Fans Want It and Theaters are Scared to Screen It, but “Electric Daisy” Refuses to Die
Most DIY distributors would love to be in Edward Bates’ position: He’s a first-time distributor who’s handling a film with an enormous, passionate and plugged-in fanbase. He has theaters selling out before the film even opens.
There’s one problem: Audiences are so eager to see Kevin Kerslake’s “Electric Daisy Carnival Experience,” a documentary about the culture of electronic dance music, that theaters are scared to screen it.
“I thought I’d put together an artful release for a small documentary,” said Bates.
That was before last Wednesday, when one of the film’s subjects, DJ Kaskade, inadvertently turned the film’s Hollywood Blvd. premiere into a full-fledged debacle. His well-meaning but ill-advised Tweet (“ME+BIG SPEAKERS+MUSIC=BLOCK PARTY!!!”) turned into a frenzy of fans. The cops showed up; kids jumped on police cars; cops responded with riot gear.
The next day, Regal and AMC theaters put on their own riot gear by pulling their planned Aug. 4 releases.
Bates persevered. (“We have to get our investors their money back.”) And on August 1, he put out a press release announcing that the film would be released Aug. 4 in 250 theaters in 95 markets.
A few hours after that release hit inboxes Monday afternoon, nearly 80 percent of those screens were gone.
“We lost Cinemark,” Bates said. The Dallas-based theater chain pulled out after a number of local media reports pointed out that two people died in June at the Electric Daisy Carnival rave in Dallas’ Fair Park.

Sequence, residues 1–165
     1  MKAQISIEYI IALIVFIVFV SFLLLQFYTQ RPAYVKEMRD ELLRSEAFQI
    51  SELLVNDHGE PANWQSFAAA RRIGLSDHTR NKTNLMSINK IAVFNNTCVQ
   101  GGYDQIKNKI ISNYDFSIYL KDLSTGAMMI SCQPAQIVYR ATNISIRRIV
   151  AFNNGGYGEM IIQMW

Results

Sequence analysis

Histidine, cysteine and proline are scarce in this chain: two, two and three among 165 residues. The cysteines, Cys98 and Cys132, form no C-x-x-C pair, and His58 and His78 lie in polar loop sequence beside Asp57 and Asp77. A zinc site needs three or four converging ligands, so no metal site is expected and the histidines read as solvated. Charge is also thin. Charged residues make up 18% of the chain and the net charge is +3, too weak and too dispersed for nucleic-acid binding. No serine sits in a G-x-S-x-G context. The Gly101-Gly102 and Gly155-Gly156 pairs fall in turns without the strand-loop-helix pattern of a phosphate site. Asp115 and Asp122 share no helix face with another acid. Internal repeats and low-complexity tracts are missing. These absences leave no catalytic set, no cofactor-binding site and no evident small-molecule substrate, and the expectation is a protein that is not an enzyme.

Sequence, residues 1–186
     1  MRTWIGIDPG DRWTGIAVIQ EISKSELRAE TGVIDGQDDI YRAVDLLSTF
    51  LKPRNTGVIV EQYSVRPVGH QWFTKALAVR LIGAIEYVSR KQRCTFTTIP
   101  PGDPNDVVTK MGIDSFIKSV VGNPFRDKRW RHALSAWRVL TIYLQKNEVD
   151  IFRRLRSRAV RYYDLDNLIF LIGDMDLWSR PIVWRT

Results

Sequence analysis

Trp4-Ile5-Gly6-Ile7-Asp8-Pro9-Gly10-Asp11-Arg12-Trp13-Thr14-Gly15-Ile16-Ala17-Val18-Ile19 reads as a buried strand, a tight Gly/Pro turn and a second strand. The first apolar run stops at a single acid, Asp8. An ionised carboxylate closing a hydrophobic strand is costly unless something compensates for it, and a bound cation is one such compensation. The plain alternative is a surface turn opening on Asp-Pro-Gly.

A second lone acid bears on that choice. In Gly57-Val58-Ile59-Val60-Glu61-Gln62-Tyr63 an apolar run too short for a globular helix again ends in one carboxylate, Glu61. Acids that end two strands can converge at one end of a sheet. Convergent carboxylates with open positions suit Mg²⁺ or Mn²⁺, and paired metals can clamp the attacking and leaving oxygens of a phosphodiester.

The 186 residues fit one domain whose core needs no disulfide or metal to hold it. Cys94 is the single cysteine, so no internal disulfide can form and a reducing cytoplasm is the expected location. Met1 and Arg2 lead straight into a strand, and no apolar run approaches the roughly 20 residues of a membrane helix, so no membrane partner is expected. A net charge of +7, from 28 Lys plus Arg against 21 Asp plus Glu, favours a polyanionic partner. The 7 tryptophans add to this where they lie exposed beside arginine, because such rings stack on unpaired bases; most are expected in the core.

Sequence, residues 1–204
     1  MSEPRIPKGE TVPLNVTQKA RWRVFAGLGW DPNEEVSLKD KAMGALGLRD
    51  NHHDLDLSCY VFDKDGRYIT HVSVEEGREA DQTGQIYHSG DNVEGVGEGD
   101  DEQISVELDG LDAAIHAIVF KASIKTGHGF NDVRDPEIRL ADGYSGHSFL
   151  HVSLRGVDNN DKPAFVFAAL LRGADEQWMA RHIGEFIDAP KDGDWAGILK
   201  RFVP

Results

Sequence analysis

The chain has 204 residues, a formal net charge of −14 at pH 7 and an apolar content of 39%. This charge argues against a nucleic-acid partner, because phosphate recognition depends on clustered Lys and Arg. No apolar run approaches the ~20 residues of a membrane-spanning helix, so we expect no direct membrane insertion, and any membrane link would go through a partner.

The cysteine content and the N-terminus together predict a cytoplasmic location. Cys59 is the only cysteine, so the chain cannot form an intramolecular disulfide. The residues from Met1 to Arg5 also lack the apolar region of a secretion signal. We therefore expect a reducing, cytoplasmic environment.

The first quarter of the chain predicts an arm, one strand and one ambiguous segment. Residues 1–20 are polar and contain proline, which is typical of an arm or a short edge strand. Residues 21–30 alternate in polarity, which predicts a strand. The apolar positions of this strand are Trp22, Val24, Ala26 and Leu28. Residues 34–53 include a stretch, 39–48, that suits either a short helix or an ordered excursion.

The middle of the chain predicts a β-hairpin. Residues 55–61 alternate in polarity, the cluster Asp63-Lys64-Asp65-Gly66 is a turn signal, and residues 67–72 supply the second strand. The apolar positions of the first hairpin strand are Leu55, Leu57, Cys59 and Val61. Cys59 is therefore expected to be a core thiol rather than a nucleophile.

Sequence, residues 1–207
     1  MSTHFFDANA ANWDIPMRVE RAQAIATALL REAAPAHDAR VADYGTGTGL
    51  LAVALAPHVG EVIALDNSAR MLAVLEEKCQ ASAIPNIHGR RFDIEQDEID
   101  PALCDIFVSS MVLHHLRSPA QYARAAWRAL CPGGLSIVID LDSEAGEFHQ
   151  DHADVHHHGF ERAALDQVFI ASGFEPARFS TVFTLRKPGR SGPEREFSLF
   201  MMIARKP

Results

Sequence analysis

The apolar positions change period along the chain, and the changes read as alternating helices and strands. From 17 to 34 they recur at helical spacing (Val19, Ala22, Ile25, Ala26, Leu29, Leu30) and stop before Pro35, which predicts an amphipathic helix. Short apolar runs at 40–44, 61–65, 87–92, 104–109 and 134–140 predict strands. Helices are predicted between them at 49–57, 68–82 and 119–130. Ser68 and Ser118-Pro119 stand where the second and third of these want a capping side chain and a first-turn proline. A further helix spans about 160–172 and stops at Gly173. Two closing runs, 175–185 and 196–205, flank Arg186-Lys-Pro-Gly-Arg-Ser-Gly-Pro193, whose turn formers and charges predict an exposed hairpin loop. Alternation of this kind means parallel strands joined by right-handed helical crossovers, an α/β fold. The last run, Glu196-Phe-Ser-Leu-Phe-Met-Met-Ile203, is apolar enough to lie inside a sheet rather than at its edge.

At this writing, Bates estimates that he’s down to 55-60 theaters. “We went from 50 theaters in California to three,” he said. “I’ve had better weeks.”
He still has plenty of reason for optimism: The dropout theaters sacrificed significant advance sales.
“We have a lot of demand for our movie,” said Bates, who plans to work the phones all week in hopes of adding outlets. “This is a really strong group of kids. It could work out to our benefit.”
For now, his strategy is a platform release in the form of event screenings followed by the college and midnight circuits.
Bates, a longtime independent producers, says if he could distribute “Electric Daisy” again, he’d try to get enough money to have some kind of staff. “I did it all by myself,” he said.
It’s possible that Bates took the DIY ethic too far: While he had a permit for the Hollywood Blvd. event, he didn’t have the resources to shut down the street.
“I’m exhausted,” he said. “It’s exciting.” A pause. “I don’t know if I’m going to do it again.”
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